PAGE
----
In His Own Words: An Interview with Maulana Karenga

Beliefnet talks to the founder of the holiday, Dr. Maulana Karenga, about its origins, its aim and its future.

we883

11/28/2007 09:39:11 AM

I realize that this article is out of date, however I wanted to comment on the previous posts. It seems to me while, no, not everyone is in touch with Maulana Karenga's philosophy, it should not be shunned. I believe that it is honorable that someone would invent a holiday that connects many aspects of African spirituality and culture to give Affrican-Americans something to celebrate. We celebrate Christmas, a man made holiday (while it has been found that Christ's birthday would have fallen in April). Kwanzaa gives us something back that was taken away from the African American while we were told that we were not even human to begin with. It is in no way racist, as some have posted. It is not our fault that many Africans have adapted the commercialized aspects of the American culture.

AskWhyNow

12/29/2006 08:46:55 AM

sandersann, Reverse-racism is not only tolerated "in America" it is "celebrated!" My friends from Nigeria celebrated Christmas in Nigeria, and do the same here, and had never heard of Karenga's invention before coming to America. They still do not celebrate kwanzaa. They see it for what it is.

srowitt

12/28/2004 01:03:43 PM

Does anyone have any information concerning Mr.Karenga's spiritual background or lack thereof?

imlaughlin

12/26/2004 02:16:42 PM

I find Dr. Karenga's interview interesting, but can't let one of the posts stand unchallenged: One person wrote: > I doubt one could find many Americans of African heritage saying they are held in their country, the USA, against their will. Frankly, that's insulting to all citizens and our country. Further, Americans of African heritage who have visited Africa to find their roots report that, after the first generation, Americans of African heritage are a wholly different culture, cannot "go back" and do not want to "go back." Such is the profound influence of the United States of America experience on all immigrants who come to our shores. Might read Huxley. Respectfully, MikeL

abbe4012

12/26/2004 06:34:16 AM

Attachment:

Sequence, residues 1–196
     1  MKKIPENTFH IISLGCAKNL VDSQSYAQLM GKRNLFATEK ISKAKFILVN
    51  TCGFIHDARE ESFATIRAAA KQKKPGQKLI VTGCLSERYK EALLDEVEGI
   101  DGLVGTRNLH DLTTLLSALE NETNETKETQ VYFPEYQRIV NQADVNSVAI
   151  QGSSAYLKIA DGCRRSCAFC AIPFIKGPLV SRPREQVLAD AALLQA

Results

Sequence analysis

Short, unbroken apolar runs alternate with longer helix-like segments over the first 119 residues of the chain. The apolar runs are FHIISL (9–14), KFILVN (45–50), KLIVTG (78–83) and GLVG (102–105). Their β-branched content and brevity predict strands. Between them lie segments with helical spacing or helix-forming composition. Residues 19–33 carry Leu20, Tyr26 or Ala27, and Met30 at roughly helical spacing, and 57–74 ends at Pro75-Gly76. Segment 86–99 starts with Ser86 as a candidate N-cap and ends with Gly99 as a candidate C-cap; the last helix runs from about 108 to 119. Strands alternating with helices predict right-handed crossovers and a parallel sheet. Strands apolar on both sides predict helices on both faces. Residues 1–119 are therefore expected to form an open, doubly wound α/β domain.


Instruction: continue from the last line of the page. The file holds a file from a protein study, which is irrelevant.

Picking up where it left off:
to sandersann Well, yes, of course......people who LIVE in Africa have no need to 're-establish their cultural roots'......they're THERE. Folks HERE have been here for generations, mostly...and mostly against their will. Just as Native American culture is not homogenous, neither is African culture, either 300 years ago or now. People in Ireland don't have huge St Patrick's Day parades (Catholic and Protestant shoulder to shoulder) and drink green beer till they puke, either. But we do here in America. Lots of people here (and arouind the world) practice Wicca, and/or Druidism...neither of which have an 'unbroken' historical past. They're revival beliefs and customs, similar to Kwanzaa's creation. And they have 'their own' winter holiday, the Solstice (or Yule), celebrated this year on Dec. 21. For that matter, last Saturday I attended a YuChristmaHannuKwanzaakkasle party, and it was a blast.

sandersann

12/25/2004 10:35:37 PM

what Dr Maulana Karenga seems to forget about Kwanzaa is that none one celbrates that in Africa we celebrate Christmas I should know, I am from Cameroon Kwanzaa (or its model as Dr Maulana Karenga cleverly put to give it some antiquity) is not a current African tradition Ancient egypt rites and rituals are long extinct (sorry for stating the obvious) and I bet people in South Africa ( the Zulus among them at least) do not seem to care I first heared of Kwanzaa after I came to the US

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